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Mitigating RFID issues - Essay Example

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This risk results in a range of improper or undesired activities like identification, positioning, tracking, corresponding, and disclosure of associated information (DeNoia…
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Mitigating RFID issues
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Running Head: MITIGATING RFID ISSUES MITIGATING RFID ISSUES By Mitigating RFID Issues
The preliminary security risk is that unauthorized users will always attempt to capture RFID tags data. This risk results in a range of improper or undesired activities like identification, positioning, tracking, corresponding, and disclosure of associated information (DeNoia and Olsen, 2009, p. 213). I plan to minimize limitations and security issues for 1st and 2nd generation RFID tags through several measures based on these activities.
i. I will reduce the distance between RFID tags and authorized users to lower the possibility of unauthorized users eavesdropping on exchanged communications (DeNoia and Olsen, 2009, p. 213). This measure also helps discern unauthorized from authorized users.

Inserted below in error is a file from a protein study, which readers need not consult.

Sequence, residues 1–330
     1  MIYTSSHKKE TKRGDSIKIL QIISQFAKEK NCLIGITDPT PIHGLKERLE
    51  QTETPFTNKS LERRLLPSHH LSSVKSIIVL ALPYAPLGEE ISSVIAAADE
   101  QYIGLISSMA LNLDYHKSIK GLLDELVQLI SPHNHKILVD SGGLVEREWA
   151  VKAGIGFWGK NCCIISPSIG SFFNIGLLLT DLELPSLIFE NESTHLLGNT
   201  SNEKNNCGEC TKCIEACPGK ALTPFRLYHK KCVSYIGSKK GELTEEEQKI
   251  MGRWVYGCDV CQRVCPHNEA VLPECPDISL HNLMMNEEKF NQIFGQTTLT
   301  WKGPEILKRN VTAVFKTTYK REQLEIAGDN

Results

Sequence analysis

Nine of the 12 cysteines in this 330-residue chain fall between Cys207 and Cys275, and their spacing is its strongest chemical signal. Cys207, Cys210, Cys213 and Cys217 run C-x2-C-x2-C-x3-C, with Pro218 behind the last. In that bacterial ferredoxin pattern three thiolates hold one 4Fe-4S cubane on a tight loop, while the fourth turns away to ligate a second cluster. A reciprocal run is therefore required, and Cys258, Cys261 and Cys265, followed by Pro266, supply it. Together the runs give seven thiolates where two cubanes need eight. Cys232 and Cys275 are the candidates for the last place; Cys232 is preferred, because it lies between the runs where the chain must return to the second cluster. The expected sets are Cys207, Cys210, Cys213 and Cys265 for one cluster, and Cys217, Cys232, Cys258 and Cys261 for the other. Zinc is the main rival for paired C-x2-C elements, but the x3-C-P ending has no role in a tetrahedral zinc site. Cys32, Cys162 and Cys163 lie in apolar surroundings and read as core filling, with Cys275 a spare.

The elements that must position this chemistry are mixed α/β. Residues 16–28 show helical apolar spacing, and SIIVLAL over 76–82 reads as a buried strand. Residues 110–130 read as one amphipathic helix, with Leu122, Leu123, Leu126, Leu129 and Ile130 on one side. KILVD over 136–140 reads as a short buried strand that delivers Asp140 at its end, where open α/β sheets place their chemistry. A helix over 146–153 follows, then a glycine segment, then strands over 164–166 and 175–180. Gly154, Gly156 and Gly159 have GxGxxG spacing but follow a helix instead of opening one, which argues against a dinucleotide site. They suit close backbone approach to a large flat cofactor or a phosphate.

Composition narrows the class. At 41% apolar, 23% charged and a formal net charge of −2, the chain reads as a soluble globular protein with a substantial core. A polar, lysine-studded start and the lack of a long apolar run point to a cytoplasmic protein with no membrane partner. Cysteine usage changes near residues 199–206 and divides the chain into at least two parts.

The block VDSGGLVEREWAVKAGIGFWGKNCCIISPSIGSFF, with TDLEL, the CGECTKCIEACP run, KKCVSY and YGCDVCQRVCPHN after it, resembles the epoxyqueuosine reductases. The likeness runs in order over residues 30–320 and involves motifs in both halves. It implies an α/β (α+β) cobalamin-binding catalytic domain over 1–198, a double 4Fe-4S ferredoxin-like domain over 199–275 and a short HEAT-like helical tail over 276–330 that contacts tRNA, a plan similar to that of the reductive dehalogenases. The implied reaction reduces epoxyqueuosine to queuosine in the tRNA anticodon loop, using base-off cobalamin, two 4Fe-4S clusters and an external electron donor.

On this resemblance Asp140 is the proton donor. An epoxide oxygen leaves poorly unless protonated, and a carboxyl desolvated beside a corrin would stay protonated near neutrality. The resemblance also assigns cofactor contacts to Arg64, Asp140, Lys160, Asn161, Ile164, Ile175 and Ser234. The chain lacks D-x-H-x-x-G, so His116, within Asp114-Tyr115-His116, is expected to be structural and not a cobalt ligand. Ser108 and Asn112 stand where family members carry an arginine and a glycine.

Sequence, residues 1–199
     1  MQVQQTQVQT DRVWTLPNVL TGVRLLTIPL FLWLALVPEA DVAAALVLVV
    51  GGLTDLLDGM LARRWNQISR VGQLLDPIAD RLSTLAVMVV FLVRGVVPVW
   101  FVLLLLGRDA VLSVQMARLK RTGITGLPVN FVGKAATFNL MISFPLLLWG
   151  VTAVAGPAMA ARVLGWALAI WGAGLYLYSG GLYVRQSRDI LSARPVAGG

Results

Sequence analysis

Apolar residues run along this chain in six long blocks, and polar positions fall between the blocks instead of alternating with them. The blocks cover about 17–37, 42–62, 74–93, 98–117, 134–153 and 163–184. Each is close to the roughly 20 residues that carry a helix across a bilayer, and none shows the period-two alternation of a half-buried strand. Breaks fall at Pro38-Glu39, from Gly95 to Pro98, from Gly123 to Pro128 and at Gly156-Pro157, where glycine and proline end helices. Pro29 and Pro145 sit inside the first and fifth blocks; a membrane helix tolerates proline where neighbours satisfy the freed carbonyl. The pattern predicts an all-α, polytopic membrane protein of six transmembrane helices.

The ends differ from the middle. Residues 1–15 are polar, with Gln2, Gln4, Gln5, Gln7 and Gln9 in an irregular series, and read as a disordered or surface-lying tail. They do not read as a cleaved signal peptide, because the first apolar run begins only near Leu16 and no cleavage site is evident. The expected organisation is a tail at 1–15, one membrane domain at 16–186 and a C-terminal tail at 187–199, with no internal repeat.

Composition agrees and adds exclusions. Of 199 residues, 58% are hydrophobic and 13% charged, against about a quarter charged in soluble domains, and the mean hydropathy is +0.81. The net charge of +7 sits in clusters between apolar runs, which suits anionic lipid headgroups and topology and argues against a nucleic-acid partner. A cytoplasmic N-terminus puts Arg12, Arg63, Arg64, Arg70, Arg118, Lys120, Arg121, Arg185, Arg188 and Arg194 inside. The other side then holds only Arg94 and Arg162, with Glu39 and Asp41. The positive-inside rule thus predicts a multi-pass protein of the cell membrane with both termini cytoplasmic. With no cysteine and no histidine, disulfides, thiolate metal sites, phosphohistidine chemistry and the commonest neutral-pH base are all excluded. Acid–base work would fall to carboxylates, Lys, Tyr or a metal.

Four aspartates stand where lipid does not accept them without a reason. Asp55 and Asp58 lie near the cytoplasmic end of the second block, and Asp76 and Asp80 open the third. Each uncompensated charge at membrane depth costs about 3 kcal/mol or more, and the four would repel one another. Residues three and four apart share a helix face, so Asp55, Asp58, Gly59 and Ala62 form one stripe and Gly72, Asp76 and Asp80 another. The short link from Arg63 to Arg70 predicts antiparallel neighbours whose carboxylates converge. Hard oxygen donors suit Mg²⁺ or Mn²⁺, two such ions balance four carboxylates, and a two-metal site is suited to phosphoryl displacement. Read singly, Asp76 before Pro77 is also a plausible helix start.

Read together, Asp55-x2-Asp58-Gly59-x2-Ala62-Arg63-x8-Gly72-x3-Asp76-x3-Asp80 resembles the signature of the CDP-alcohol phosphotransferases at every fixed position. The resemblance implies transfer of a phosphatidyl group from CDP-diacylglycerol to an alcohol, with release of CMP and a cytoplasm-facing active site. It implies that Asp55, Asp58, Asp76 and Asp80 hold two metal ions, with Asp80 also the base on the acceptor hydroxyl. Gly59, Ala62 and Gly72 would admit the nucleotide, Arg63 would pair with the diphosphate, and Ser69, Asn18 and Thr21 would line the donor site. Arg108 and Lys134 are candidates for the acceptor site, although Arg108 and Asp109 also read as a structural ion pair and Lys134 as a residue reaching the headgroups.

ii. I will apply shielding in the form of a Faraday cage used explicitly around generation 1 and2 RFID tags or in a constrained environment wherein users can trade information using the tags (CoreRFID, 2009).
iii. I plan to ensure the destruction of an RFID tag after serving its core purpose to prevent unauthorized users from abusing its user abilities and extract data from recorded communications (DeNoia and Olsen, 2009, p. 213).
iv. Concealing coding for communication between RFID tags and users can interrupt an unauthorized user’s attempts to extract data from exchanges between 1st and 2nd generation RFID tags
v. Encoding information stored on RFID tags or exchanged between a tag and its authorized user can inhibit unauthorized users from mining information from it (CoreRFID, 2009).
vi. I plan to introduce noise into the using environment to lower the possibility of an unauthorized user differentiating the communications of a specific tag with its authorized user (DeNoia and Olsen, 2009, p. 213).
vii. I will employ authentication mechanisms that identify only authorized users with the use of easy passwords created using refined multi-factor methods (CoreRFID, 2009).
References
CoreRFID 2009, RFID & Privacy, CoreRFID, viewed 11 January 2015, http://www.corerfid.com/technology/TechnologyIssues/IssuesPrivacy.aspx
DeNoia, LA and Olsen, AL 2009, ‘RFID and Application Security,’ Journal of Research and Practice in Information Technology, Vol. 41, No. 3, pp. 209-21. Read More
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